Your baby’s skin, so soft, smooth and silky, that you just can’t help but touch it. As a mom, you have the joy of nuzzling those chubby little cheeks, dimpled thighs, tiny fingers and toes. You also have the responsibility of caring for and protecting your baby’s delicate skin from irritation, chemicals, allergies and the environment, just to name a few. Skincare can seem complicated with the plethora of products, medical studies and opinions in the marketplace – so we’ve compiled some basic, easy-to-follow skincare basics to give you the confidence and knowledge to nourish and soothe your baby’s skin.
Baby Skin Care Basic #1: Cleanse. We know that babies are not that dirty, but you still want to follow a regular, nighttime bath routine. Not only is this calming for your baby, but you also wash away oils and excess dry skin that can lead to cradle cap and other skin conditions. Using warm water in most areas is more than sufficient. Save your fragrance-free, ph-balanced soap for the areas that need it, like baby bottoms and chubby folds of skin. For step-by-step instructions on how to give a slippery newborn a bath, read and watch our bath time video: Tub Time Tips.
Baby Skin Care Basic #2: Moisturize. Moisture replenishes what your baby’s skin loses and gives your child a protective barrier, so you want to do this on a regular basis, usually morning and evening. What type of moisturizer should you choose? Creams are good choices because they contain more oil, go on smoothly, and contain humectants, which help the skin retain moisture. Lotions can also work and are very easy to apply, but may dry out sensitive skin. Ointments provide the best moisture but are rather greasy and don’t absorb well. You may want to vary the use of these, depending on whether it’s after bath, applied to dry skin or at bedtime. Regardless of which you use, always choose fragrance-free as fragrances are one of the leading allergens today. Additionally, while preservatives are necessary to prevent bacterial and fungal growth, avoid harmful ones like parabens and phthalates.
Baby Skin Care Basic #3: Prevent. As moms, we’re taught to watch for certain skin conditions – baby acne, cradle cap, diaper rash and even eczema – and there are steps you can take to help prevent these. For example, you always want to apply a good emollient (moisturizer that prevents water loss) in the diaper area every day and especially at night. Gentle soaps, creams and ointments – not simply lotions – are great tools for eczema prevention, and may be especially prudent for families where food and respiratory allergies (a common link with eczema) are present. (For more information on eczema prevention and treatment, read The “Did You Knows” of Eczema.) Also, a regular baby bath, complete with a soft-bristle brush for the head and scalp, can help in the fight against cradle cap and baby acne. Finally, everyone should avoid sun exposure, but it’s especially important for your child. Always ensure your child is properly clothed and protected from the sun. Avoid openly exposing a newborn to the sun’s most harmful rays between the hours of 10am–4pm. For babies six months and older, you should apply – and reapply – sunscreen from head-to-toe at least 15 minutes before you go out into the sun. These are all simple but powerful steps when used in a daily regimen.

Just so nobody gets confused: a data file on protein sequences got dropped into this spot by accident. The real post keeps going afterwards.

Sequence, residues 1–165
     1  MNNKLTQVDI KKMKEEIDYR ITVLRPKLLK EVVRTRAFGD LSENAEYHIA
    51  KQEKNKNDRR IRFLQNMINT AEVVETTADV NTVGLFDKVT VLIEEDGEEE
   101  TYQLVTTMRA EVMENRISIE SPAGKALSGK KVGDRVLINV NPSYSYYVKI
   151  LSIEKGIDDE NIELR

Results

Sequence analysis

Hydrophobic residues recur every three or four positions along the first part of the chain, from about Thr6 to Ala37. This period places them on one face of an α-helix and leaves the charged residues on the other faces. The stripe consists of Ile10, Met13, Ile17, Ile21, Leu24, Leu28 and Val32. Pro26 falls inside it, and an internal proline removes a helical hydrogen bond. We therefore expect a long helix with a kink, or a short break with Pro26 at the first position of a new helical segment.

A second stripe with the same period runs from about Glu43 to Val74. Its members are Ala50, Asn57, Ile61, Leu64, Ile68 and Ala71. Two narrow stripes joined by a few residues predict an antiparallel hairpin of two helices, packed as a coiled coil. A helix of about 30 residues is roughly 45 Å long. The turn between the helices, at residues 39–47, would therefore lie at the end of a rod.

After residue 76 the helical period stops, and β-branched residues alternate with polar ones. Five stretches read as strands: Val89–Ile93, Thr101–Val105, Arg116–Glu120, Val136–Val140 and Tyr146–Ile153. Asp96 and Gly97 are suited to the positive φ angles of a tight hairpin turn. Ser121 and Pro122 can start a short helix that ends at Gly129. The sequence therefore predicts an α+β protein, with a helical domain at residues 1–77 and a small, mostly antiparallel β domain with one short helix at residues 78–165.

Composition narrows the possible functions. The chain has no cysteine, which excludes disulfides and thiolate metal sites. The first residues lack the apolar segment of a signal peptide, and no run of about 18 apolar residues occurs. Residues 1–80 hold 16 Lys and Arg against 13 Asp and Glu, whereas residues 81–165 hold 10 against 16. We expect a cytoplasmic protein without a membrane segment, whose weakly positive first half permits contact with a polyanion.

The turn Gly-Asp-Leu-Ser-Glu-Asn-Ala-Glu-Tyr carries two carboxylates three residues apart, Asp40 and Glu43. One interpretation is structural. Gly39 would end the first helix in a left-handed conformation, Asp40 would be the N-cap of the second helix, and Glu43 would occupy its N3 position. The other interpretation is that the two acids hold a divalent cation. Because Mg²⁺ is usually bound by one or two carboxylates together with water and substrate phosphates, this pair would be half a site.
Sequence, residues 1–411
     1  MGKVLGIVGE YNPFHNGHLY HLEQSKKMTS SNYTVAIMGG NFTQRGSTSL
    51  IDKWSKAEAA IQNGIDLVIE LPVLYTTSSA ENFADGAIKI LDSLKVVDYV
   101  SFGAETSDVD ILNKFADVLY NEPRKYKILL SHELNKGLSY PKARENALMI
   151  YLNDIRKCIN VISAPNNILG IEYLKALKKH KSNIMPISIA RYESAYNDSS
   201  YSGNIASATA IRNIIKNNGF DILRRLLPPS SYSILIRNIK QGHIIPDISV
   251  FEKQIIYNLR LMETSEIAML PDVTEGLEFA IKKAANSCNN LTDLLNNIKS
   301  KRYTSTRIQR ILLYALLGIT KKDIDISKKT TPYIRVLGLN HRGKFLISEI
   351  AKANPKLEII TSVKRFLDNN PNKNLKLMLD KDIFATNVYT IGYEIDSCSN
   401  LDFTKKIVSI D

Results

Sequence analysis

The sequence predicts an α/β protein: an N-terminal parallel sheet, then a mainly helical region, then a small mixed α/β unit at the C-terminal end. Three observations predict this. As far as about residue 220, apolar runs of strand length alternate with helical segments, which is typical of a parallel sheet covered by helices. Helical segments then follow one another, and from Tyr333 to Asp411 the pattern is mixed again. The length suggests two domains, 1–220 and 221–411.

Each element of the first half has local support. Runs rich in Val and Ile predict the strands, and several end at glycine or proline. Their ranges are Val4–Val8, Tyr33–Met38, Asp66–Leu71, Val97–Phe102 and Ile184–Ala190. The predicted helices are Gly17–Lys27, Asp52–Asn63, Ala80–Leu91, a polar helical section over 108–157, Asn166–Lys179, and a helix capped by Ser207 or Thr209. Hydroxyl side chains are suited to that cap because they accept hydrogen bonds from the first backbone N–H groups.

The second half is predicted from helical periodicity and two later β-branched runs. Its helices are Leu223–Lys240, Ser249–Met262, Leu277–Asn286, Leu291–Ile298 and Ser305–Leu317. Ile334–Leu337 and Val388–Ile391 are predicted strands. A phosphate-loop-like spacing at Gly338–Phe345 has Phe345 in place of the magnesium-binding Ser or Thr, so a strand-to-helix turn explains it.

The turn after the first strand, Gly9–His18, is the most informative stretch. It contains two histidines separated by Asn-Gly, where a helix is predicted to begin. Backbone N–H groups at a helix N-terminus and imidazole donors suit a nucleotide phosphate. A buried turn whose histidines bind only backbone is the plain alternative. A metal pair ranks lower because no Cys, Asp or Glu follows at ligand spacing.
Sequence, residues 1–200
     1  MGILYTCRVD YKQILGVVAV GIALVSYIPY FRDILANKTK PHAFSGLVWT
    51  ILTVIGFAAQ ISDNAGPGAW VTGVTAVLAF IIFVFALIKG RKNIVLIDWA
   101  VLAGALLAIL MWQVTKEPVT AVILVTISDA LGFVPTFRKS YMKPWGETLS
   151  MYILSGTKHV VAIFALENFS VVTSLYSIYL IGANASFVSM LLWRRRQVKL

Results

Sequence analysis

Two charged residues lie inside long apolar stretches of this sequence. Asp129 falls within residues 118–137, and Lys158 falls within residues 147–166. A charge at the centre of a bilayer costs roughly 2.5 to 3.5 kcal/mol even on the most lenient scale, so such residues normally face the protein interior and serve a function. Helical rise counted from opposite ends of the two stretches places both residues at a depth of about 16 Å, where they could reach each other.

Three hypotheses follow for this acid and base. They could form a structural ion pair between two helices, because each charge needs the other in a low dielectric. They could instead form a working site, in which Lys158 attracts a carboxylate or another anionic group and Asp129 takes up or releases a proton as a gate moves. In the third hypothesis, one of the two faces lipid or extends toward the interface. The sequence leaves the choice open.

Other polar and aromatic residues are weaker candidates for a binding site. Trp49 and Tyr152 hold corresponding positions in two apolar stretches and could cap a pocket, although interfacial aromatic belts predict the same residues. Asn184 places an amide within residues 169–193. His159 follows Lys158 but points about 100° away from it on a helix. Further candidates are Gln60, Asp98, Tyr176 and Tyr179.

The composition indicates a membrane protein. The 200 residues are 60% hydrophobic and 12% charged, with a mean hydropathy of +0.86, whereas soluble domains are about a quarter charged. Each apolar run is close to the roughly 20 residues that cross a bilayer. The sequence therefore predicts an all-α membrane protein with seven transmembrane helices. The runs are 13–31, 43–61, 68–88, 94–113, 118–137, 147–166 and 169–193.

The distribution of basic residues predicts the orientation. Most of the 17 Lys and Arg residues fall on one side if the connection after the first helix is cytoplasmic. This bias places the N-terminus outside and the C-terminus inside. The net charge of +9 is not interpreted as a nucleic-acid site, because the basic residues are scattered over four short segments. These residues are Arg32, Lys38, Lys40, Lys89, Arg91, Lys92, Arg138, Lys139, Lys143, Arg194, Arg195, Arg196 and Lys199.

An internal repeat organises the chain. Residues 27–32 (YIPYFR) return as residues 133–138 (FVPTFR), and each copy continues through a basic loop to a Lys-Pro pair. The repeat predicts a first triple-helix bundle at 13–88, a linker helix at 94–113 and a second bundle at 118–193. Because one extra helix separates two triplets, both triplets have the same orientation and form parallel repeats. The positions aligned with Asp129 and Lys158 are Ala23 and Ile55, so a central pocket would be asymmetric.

Baby Skin Care Basic #4: Treat. Your baby’s skin is sensitive and delicate so when unwanted conditions and irritations occur, know your treatment options.
- Diaper Rash: Typically, an over-the-counter anti-yeast cream – applied two to three times a day over the course of two to three days – will take care of diaper rash.
- Eczema: For the early signs, eliminate any creams and step up the moisture with ointments. If a rash develops, you should treat it with an over-the-counter hydrocortisone cream (1-2%). Again, do this regularly, 2-3 times a day for two to three days.
- Cradle Cap: Using a soft bristle brush over your baby’s head and scalp and a warm wet wash cloth around the face and eyes will help to prevent cradle cap. If faced with cradle cap, combine this routine with a medicated shampoo containing salicylic acid and a 1% hydrocortisone cream 1-2 times a day. Do not use the shampoo on the baby’s face – just on the scalp.
- Sunburn: If your baby’s skin does become red after sun exposure (typically 6-8 hours after being outside), use a soothing cream like Baby Pibu™’s Rash Relief that contains the appropriate amount of hydrocortisone. Cool compresses can also help soothe and relieve the irritation.
Finally, use the 2-3 day rule of thumb. If you’re not seeing improvement in this time frame (for any of the above skin conditions), consult a dermatologist for additional help.
With these baby skincare basics, you can rest assured that you’re doing the right things for your baby’s health and skin, and keeping those cheeks soft and kissable for years to come!
~Happy Monday from the Baby Pibu™ team!